On Friday, the entire student body received an email asking for Colorado College to stand in solidarity with Native American students after they were the targets of a series of hurtful and divisive Yik Yak comments.
Junior Emily Lucas, co-chair of the Native American Student Union (NASU), said, “Native Students have been getting racist comments all year. It tends to go less noticed than racist comments against other minority groups, because we are considered to be a smaller student population.”
Every year at CC, a white tipi is put up on the Worner quad for Native American Heritage month. Students can participate in events revolving around the tipi, like the powwow that happened last Sunday. “Every time we put [the tipi] up, we run into problems,” Lucas said. “People drink, smoke, have sex, and urinate in there. It is disrespectful of the space. Someone made a post on Yik Yak, on behalf of Native students, asking to respect the space.”
Lucas continued, “In response, there were multiple hateful comments, including one referring to fat, alcohol redsk**ns. I am sick of having this happen to Native students on campus and having people ignore it, so I took pictures of the comments and put them on Facebook.”
Junior Annika Kastetter, as part of her campaign for president of CCSGA, said, “I think it is imperative that CCSGA continues its strong support for Butler Center groups on campus and maintains its commitment to work collaboratively with such groups to foster the continuation of discussion and outreach initiatives surrounding diversity and inclusion.”
As part of CC’s efforts towards diversity and inclusion, an email was sent out by Lucas, Jake Walden, Mohammad Mia, Amy Valencia, Paul Buckley, and Jill Tiefenthaler. The email recognized the cultural and historical significance of the tipi.
Lucas said, “For the plains tribes, tipis were what they used for homes and also other tribes will use them for ceremonies. It’s a sacred space. There is a greater connection to your home space then there is in modern culture. The tipi is circular because circles are sacred in most indigenous traditions. When we put up the tipi, the door is facing east towards the rising sun. Each part of the tipi, in the way it’s set up and its existence, is symbolic.”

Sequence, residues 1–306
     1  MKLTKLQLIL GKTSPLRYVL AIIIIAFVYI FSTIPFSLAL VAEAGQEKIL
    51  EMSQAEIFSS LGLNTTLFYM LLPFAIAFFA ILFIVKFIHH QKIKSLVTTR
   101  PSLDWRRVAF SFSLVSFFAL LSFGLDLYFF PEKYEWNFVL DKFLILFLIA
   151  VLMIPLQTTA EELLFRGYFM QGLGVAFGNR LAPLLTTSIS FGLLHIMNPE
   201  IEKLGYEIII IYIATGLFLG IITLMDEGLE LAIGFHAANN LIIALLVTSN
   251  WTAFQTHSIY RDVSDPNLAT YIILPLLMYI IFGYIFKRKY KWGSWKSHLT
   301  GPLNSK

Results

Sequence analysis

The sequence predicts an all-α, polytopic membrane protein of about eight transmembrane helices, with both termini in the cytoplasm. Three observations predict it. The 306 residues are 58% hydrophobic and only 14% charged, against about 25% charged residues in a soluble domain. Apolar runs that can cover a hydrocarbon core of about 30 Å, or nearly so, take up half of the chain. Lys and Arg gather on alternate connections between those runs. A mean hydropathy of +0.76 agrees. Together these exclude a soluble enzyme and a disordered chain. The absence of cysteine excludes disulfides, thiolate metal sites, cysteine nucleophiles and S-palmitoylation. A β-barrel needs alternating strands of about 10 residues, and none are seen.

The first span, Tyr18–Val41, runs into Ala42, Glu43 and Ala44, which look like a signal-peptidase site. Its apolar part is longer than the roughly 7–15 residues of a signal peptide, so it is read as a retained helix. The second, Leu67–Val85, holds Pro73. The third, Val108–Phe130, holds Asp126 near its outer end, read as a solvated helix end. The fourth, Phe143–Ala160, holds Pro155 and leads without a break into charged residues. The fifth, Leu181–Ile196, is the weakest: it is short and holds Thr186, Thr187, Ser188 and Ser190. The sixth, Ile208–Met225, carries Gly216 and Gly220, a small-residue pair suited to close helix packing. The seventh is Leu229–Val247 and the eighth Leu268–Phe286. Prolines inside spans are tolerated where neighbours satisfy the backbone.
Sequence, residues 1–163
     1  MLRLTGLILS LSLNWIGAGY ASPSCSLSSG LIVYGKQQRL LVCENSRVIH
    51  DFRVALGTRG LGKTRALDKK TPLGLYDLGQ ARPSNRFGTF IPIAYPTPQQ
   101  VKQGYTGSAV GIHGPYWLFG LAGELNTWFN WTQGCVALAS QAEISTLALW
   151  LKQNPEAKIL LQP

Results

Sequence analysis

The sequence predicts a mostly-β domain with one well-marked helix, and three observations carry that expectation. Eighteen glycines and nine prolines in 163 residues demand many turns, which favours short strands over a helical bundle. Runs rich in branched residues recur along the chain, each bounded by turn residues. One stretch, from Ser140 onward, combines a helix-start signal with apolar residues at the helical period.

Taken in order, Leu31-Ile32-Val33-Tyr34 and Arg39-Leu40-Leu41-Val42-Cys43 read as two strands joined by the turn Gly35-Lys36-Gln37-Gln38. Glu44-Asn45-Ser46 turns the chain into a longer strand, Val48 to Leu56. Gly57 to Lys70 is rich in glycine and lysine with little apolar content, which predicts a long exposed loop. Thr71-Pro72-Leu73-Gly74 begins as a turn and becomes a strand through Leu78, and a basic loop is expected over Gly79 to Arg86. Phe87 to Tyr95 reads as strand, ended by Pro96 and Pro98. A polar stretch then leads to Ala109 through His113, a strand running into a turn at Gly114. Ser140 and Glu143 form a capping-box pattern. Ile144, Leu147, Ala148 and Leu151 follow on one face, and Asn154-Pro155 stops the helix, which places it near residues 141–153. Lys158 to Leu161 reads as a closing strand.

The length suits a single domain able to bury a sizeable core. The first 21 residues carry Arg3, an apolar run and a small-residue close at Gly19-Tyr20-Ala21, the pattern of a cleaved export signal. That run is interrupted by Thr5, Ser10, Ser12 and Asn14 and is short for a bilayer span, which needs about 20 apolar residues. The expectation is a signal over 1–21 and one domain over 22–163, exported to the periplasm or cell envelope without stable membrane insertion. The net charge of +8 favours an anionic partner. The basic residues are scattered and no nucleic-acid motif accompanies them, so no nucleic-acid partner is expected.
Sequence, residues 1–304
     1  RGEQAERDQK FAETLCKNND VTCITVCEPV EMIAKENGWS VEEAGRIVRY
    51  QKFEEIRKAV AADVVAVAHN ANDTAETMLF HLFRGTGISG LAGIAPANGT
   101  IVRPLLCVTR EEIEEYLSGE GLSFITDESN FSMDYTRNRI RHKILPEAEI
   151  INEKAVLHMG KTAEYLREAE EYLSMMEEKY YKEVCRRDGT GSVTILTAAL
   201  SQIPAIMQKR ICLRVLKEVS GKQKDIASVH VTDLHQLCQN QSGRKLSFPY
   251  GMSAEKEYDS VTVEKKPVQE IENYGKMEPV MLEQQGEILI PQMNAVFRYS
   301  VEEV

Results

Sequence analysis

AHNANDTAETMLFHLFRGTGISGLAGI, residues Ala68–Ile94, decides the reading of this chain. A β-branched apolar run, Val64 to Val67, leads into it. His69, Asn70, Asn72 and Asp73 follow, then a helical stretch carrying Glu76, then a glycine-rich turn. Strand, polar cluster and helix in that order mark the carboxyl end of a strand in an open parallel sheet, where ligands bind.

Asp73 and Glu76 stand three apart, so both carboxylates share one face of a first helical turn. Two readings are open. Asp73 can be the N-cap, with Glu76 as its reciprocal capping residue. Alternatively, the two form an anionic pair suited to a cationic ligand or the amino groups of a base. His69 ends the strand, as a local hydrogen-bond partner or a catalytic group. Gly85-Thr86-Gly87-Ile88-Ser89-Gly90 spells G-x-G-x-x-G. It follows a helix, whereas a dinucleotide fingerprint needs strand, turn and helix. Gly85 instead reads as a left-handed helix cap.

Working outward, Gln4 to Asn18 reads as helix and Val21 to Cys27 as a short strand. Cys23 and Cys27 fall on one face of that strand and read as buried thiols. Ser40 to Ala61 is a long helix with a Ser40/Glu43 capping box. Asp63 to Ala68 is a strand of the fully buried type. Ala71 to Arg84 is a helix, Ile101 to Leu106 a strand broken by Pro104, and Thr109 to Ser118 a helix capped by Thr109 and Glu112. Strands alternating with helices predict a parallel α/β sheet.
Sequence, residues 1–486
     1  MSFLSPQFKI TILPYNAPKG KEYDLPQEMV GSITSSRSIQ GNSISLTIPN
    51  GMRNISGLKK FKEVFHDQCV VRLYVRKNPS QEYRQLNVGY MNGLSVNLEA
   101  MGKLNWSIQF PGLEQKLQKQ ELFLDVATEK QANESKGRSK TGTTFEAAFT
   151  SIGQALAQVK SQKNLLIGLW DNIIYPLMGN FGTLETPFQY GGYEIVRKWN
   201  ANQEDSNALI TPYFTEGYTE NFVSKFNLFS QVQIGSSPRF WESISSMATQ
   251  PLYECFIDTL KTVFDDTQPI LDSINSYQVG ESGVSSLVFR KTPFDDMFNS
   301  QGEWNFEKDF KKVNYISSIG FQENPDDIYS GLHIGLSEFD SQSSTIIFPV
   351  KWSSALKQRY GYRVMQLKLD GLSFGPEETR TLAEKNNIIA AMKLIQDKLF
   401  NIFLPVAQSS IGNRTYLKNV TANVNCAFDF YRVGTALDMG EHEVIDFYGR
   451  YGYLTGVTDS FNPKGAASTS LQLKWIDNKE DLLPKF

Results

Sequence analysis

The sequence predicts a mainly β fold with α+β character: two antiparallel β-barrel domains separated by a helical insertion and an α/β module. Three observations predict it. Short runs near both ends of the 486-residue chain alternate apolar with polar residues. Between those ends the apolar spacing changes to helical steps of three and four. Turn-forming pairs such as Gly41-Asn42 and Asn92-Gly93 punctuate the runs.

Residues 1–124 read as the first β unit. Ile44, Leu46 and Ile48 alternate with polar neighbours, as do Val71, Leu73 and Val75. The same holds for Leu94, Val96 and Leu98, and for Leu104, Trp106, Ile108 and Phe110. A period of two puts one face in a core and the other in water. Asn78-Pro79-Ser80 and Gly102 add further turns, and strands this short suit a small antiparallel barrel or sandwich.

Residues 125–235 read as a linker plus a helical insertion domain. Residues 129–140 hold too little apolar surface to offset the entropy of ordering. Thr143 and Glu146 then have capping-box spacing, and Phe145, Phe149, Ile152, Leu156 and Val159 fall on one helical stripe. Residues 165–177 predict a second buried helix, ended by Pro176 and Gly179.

The email also asked for students to gather at the tipi on Monday, April 4, to show support for indigenous students, faculty, and staff.
Lucas said, “I was really surprised and grateful with both the response of the administration and student body. The day the Yik Yak comments were posted, President Tiefenthaler called me into her office for an emergency meeting and asked what she could do to help, and arranged to speak at the event on Monday. Members of the administration sent emails expressing support. We had 30 or more shares of the post I made about the comments.”
Lucas continued, “There was a lot of outreach by the student body. I was really surprised by how many people showed up yesterday to show solidarity. A lot of times people don’t realize we exist, which can be very difficult. We were worried it was just going to be NASU students there, but so many people showed up and offered to help. I was overwhelmed, but in a good way, by the support.”
Kastetter said, “While the statements targeted a particular group, the entire Colorado College community is negatively affected by discrimination and hate. As a student body and as an organization, we must do everything in our power to combat the presence of hate on our campus and to set a strong precedent of equity, inclusion, and empowerment.”
Kastetter hopes to lead CCSGA in working hard to promote diversity in leadership positions on campus. “CCSGA will work to create an additional position for a Butler Center heads of state representative within CCSGA to ensure that students feel equally represented and heard,” said Kastetter.
Lucas said, “We have NASU meetings at Thursday at 12:15 in the Southwest Studies house. They are open to everyone. People should be willing to speak up and stand by us when we are having an issue and recognize that we are here and exist. Come to our events. Be more willing to speak up if you see someone wearing a racist costume or issues like the DC football team name.”
She continued, “Flint Michigan is a horrible thing, but those water quality levels have been present on certain reservations like Navajo Nation for the past 30 years. However, no one takes notice because it’s Native Americans. People would prefer to think we’re extinct then try to deal with the history of it.”
Lucas acknowledged both the good aspects and the controversial nature of Yik Yak as a social media platform. “Yik Yak can be fun,” Lucas said. “It’s helpful for knowing about different events happening on campus. It is also a space for cowards to express the opinions they would never dare say to someone’s face. If I knew who had posted those Yik Yaks, I wouldn’t want them expelled. I would just want them to have to see us face-to-face.”